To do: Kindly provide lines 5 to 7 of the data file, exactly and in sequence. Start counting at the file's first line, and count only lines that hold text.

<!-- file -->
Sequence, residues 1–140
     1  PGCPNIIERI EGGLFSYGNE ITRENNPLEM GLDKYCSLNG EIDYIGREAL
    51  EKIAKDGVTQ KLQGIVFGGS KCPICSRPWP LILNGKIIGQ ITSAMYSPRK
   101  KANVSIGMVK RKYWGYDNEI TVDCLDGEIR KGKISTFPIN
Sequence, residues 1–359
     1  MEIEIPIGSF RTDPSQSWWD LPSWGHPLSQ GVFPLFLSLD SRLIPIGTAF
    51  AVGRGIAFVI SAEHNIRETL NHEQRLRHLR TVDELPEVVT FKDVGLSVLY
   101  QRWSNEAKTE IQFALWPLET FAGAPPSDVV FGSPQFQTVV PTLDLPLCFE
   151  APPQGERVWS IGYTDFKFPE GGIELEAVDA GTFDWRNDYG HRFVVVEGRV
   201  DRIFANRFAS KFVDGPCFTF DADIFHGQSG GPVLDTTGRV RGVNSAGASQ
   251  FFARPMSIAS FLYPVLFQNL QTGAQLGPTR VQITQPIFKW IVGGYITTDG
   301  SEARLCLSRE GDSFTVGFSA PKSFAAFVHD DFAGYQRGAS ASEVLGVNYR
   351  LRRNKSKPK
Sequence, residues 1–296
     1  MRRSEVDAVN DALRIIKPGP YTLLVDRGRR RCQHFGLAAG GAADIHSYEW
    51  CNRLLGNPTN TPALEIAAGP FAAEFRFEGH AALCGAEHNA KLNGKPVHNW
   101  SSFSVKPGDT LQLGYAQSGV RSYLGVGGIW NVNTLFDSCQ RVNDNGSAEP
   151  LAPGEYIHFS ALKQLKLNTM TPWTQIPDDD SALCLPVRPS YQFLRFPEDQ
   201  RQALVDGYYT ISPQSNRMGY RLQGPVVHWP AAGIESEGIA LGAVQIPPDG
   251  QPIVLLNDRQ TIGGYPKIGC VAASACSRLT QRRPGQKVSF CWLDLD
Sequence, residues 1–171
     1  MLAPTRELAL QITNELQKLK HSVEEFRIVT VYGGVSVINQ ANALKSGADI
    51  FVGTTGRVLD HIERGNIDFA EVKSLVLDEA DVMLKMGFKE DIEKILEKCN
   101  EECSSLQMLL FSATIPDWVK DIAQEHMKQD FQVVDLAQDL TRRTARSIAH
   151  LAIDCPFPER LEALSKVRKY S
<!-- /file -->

Sequence, residues 1–359
     1  MEIEIPIGSF RTDPSQSWWD LPSWGHPLSQ GVFPLFLSLD SRLIPIGTAF
    51  AVGRGIAFVI SAEHNIRETL NHEQRLRHLR TVDELPEVVT FKDVGLSVLY